Figure 8. (a) Schematic of the manipulation of a segment of the porphyrin-based supramolecular polymer using the atomic force microscopy (AFM) probe. (b) AFM images from that process. Reproduced with permission from [89] ©2018, Wiley-VCH Verlag GmbH & Co. KGaA.
Figure 8. (a) Schematic of the manipulation of a segment of the porphyrin-based supramolecular polymer using the atomic force microscopy (AFM) probe. (b) AFM images from that process. Reproduced with permission from [89] ©2018, Wiley-VCH Verlag GmbH & Co. KGaA.
Gels 07 00158 g008
Figure 9. (a) Illustration of the self-healing properties of a 2.0% w/v hydrogel formed from a d-gluconic acetal-based derivative using hydrogel pieces with and without methylene blue dye. (b) Rheological properties of a shear-thinning and self-healing supramolecular hydrogel based on a bis-urea derivative, showing (i) a strain sweep, (ii) a frequency sweep, and (iii, iv) dynamic strain amplitude tests. Reproduced (a) under the terms of the Creative Commons CC BY License from [60] ©2019 The Authors; published by Springer Nature and (b) with permission from [14] ©2019, Royal Society of Chemistry.
Figure 9. (a) Illustration of the self-healing properties of a 2.0% w/v hydrogel formed from a d-gluconic acetal-based derivative using hydrogel pieces with and without methylene blue dye. (b) Rheological properties of a shear-thinning and self-healing supramolecular hydrogel based on a bis-urea derivative, showing (i) a strain sweep, (ii) a frequency sweep, and (iii, iv) dynamic strain amplitude tests. Reproduced (a) under the terms of the Creative Commons CC BY License from [60] ©2019 The Authors; published by Springer Nature and (b) with permission from [14] ©2019, Royal Society of Chemistry.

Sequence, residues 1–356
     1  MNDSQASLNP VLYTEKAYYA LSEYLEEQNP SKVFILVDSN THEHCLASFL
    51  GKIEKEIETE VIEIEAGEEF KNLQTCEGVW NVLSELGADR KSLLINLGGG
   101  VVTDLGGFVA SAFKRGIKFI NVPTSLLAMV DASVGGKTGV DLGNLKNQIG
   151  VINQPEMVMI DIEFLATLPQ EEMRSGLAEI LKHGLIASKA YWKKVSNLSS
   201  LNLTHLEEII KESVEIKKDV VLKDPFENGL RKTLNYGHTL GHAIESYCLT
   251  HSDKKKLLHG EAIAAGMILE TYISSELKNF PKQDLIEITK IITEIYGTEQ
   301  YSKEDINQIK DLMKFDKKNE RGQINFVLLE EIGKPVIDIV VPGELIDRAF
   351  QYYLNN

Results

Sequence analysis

Gels 07 00158 g009
Publisher’s Note: MDPI stays neutral with regard to jurisdictional claims in published maps and institutional affiliations.

Share and Cite

MDPI and ACS Style

Denzer, B.R.; Kulchar, R.J.; Huang, R.B.; Patterson, J. Advanced Methods for the Characterization of Supramolecular Hydrogels. Gels 2021, 7, 158.

AMA Style

Denzer BR, Kulchar RJ, Huang RB, Patterson J. Advanced Methods for the Characterization of Supramolecular Hydrogels. Gels. 2021; 7(4):158.

Chicago/Turabian Style

Denzer, Bridget R., Rachel J. Kulchar, Richard B. Huang, and Jennifer Patterson. 2021. "Advanced Methods for the Characterization of Supramolecular Hydrogels" Gels 7, no. 4: 158.

Note that from the first issue of 2016, this journal uses article numbers instead of page numbers. See further details here.

Article Metrics

Back to TopTop